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Tips for the First Few Weeks with Multiple Dogs

It is important to set the rules and remain consistent when introducing a new dog in your home.

Multiple dogs can multiply your household's fun. However, during the first few weeks of having a new dog in the house, you will need to take some steps to ensure that your dogs will also enjoy each other. Most dogs take at least two weeks (some longer) to settle into a new environment. Multiple dogs will initially require many alterations in your lifestyle.

You will need to consider each dog's individual personality and needs as well as how to approach them as a group, or pack. There will be the need to offer enough bedding, toys, and dishes to allow them their own space and possessions. While having more than one dog helps with overall stimulation, they still need your time, individual attention, and training sessions.

In order to ensure harmony, the two dogs should learn to work together and defer all decision-making to you. This requires working with them in tandem and controlling them when they are with you. When the dogs are fully integrated and know their place in your home, you will be able to relax your guard a little more each week.

First Two Weeks' Regimen

Treat the dogs both as individuals and as a pack. They need their own space during certain times of the day, while enjoying each other's company at other times.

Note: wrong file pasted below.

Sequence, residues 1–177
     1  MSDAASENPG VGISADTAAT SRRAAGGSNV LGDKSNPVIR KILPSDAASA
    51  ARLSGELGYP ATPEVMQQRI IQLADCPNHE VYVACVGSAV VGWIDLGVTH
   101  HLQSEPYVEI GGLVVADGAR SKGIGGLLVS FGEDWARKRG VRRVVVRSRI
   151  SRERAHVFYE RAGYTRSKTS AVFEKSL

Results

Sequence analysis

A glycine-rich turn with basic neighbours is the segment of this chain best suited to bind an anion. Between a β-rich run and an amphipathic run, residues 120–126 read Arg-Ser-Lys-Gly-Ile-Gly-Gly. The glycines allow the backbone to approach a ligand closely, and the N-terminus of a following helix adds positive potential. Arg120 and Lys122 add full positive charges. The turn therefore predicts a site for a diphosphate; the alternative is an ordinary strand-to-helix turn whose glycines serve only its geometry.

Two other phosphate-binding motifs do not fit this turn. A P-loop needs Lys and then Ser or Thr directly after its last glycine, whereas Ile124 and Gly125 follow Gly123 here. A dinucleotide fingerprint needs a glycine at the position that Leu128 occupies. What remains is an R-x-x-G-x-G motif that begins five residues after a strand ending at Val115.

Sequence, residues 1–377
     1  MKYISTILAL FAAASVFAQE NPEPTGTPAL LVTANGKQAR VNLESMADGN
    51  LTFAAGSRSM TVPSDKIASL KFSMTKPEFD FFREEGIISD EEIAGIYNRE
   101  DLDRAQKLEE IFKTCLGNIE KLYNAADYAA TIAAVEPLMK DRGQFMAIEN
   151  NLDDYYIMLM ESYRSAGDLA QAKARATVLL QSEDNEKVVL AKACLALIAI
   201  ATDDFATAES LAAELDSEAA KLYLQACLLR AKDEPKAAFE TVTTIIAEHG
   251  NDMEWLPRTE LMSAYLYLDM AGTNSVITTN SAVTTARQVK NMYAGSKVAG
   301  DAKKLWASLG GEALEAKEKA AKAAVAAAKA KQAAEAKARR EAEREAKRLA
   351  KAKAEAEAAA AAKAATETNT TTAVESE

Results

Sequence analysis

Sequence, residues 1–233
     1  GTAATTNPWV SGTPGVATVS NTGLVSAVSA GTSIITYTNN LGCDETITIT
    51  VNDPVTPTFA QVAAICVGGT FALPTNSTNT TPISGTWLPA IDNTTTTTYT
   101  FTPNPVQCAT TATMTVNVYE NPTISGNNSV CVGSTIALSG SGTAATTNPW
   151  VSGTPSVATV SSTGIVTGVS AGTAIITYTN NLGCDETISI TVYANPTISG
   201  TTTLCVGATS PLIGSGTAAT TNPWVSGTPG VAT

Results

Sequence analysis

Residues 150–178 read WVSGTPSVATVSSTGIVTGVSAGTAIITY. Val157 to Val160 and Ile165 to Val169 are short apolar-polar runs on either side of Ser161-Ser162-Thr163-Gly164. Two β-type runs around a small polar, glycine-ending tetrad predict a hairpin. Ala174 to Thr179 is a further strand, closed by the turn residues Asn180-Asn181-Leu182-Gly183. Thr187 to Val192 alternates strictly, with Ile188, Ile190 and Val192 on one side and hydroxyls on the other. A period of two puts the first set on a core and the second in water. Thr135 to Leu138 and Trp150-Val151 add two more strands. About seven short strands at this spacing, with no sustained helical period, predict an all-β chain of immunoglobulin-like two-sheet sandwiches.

Here's a few times that the dogs should be separated:

  • Meal time: Prevent rivalry as the dogs eat. Pick up the bowls when they are finished. Note: Keep as many bowls of water as you have dogs out at all times.
  • Bed time: Each dog should have their own bedding area, such as a crate or adjoining rooms where you can place a baby gate in the doorway so that they can see each other but not physically interact. Being able to see and smell each other will aid in the bonding process.
  • Nap time: It is important that the dogs get plenty of rest, as over-arousal can sometimes turn into assertive play, which can also turn into an outright fight.
  • Training time: The dogs should have each have individual and tandem training.
  • Whenever you are away from home: Prevent inappropriate play and other activities.
  • Time out: If one or more of the dogs begin to become bullies (such as growling, humping, placing a leg over the shoulders or bowling the other dog over), place them in their separate bedding areas for an hour, or until they relax and rest.

Some Dogs Like Lots of Activity, Some Do Not

Many senior and geriatric dogs enjoy a little bit of play, but not a lot. Dogs with old injuries and arthritis can be jostled during play, making them lose patience with the other dog.

Be sure to take this into consideration, especially if you are bringing home a young dog with lots of energy. While some senior dogs will tell the youngster that they're not up for a game, others will hope you will take the lead and control the new arrival. It is up to you to control both situations, regardless of how your older dog behaves. These first two weeks are crucial in setting precedents for the new dog - what is, or is not, appropriate behavior.